A wealthy couple brought “Cathy” from China to the United States to be their nanny and housekeeper. She was paid next to nothing and was worked unmercifully day and night, as well as being physically and sexually abused by both the husband and wife. However, the husband—a Christian man—regularly exerted his “authority” as the “head of the household” over his wife and daughters as well. Scripture, he believed, supported his hierarchal beliefs and defended his actions. With this power behind him, he acted as the dictator in a household whose lowest subject was a female slave.
Human trafficking takes anti-egalitarian beliefs to their dangerous extreme. All people deserve equal rights and opportunities, but in human trafficking, some are slaves while others are masters. The United Nations says the majority of human trafficking victims are women, while most traffickers are men. In addition, even among traffickers, males are—more often than not—considered superior to females. Basic human rights and dignity are violated based upon stature and gender, or a combination of the two.
Modern day slaves are told where they will sleep, with whom they will sleep, what they will wear, if they will eat or not, etc., losing all control of their lives. Some traffickers tattoo their victims with a “brand” as a sign of ownership, applying the same principle that ranchers have used for years to brand their livestock. Labor trafficking victims are often smuggled into the country in containers, many of them dying en route. From psychological brainwashing techniques to torture tactics, every aspect of the slave’s life is tailored to teach her that she is in servitude to the traffickers.
Horrific as the stories are, they begin in our backyards. Although “Sarah” was a straight A student and came from a nice Christian home, she was tired of her parents’ rules. She met a new friend at school, who quickly became her boyfriend. Within three months, they went missing. Her “boyfriend” became her pimp and began selling her body to other men for sex.
Perhaps nowhere is the hierarchy of inequality more profound than in the dynamics of a pimp and his victim. He “owns” her and treats her like property that is bought and sold. He ensures that 100% of the money she brings in is brought to him by enforcing his power and control, sometimes with beatings.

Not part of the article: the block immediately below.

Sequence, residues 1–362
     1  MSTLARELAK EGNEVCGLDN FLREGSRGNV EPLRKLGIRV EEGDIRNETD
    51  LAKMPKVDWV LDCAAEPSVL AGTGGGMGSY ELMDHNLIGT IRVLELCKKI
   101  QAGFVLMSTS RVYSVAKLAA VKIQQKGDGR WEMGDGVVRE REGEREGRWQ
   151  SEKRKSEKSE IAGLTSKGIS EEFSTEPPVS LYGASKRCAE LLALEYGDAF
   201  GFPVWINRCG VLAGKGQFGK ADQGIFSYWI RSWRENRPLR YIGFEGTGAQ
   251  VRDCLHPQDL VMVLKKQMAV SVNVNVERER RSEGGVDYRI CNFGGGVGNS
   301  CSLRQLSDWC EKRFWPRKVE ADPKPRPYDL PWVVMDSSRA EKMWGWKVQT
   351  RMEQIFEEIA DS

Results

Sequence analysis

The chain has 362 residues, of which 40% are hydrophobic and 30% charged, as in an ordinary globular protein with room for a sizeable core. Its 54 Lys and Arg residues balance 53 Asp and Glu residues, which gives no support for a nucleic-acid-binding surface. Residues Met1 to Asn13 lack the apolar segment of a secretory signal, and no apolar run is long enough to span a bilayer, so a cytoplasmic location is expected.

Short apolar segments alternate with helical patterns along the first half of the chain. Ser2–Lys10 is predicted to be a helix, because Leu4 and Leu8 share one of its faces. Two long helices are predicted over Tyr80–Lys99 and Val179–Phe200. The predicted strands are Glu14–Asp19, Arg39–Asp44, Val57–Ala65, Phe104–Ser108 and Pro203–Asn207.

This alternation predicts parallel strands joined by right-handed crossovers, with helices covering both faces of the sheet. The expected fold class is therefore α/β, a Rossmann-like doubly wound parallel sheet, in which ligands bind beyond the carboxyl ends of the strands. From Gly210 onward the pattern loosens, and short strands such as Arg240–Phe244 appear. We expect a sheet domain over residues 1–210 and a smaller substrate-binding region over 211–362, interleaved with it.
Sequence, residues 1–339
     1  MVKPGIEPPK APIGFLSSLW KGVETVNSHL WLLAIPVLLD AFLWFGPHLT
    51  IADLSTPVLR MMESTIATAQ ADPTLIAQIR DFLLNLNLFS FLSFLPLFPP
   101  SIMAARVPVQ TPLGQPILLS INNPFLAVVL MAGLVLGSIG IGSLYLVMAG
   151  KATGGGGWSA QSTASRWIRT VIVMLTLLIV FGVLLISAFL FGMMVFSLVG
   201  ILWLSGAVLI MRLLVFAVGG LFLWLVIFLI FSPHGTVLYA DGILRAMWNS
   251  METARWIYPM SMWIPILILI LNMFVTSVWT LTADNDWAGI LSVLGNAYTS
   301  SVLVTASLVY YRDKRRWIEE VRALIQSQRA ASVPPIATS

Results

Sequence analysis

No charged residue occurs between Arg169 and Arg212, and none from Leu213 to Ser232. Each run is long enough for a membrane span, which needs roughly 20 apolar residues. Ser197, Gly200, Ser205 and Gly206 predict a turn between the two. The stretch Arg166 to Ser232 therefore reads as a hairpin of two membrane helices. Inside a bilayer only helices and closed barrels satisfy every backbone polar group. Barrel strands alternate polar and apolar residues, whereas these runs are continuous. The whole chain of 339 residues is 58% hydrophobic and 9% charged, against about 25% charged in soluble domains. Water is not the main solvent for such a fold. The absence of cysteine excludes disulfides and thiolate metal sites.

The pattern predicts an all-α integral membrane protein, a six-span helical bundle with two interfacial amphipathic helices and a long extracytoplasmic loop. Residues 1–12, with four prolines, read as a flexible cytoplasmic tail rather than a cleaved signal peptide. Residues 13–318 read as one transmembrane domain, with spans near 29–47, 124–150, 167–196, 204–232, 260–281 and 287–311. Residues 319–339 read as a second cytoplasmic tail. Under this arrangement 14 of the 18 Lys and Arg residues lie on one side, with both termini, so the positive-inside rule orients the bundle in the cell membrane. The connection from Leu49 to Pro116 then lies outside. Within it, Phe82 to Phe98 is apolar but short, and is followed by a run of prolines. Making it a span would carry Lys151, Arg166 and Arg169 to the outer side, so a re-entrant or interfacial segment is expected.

One telltale saying used in sex trafficking is “pimps up, hoes down.” Misogynist beliefs justify abusing and exploiting the victim, but indicate that pimps deserve respect, and they call all the shots. Victims, referred to as “hoes,” are required to maintain a lower status. They may be forced to walk in the street while pimps walk on the sidewalk. Victims are forbidden to look an adult male in the face unless he is her pimp or someone she is soliciting. She must keep her head down in submission to her pimp. “Pimps up, hoes down,” has infinite ramifications.
In sharp contrast, in John 4, Jesus had a conversation with a “loose” woman (to the dismay of his disciples). His love and respect for her caused her to change her ways and lead many to Christ. Jesus was not embarrassed or ashamed of her reputation. It was not culturally acceptable for him as a man to have a conversation with a woman, especially a Samaritan woman. This did not dissuade Jesus from reaching out to her. Jesus accepted this woman whom others considered outside the realm of decency, or not good enough to be their friend.
Jesus’ egalitarian ways are in sharp contrast to the realities within the human trafficking world. Galatians 3:28 speaks to both slavery and gender hierarchy:
“There is neither Jew nor Gentile, neither slave nor free, neither male nor female, for you are all one in Christ Jesus.”
Inspired by scripture, egalitarians are joining the fight against the oldest crime against human rights and equality. We pray for a world where Cathy and Sarah will be set free from slavery, a world where Christians will be known not for rules or false doctrine, but for following the example of our servant king.
How you can work against trafficking:
- Awareness is our first line of defense. It is said that slaves are “hidden in plain sight.” Bring in a speaker to teach your church, civic club, or other group about how to recognize human trafficking and what to do if you see it.
- You can use the discussion questions in the back of each chapter of In Our Backyard to host a nine-week study about human trafficking in your church.
- Finally, if you carry a cell phone, placing the National Human Trafficking Hotline (888-3737-888) in your phone arms you with a tool to report suspected human trafficking or even to just ask questions that come to mind.
Each of us can make a difference in our own way in this fight. Will you accept the challenge?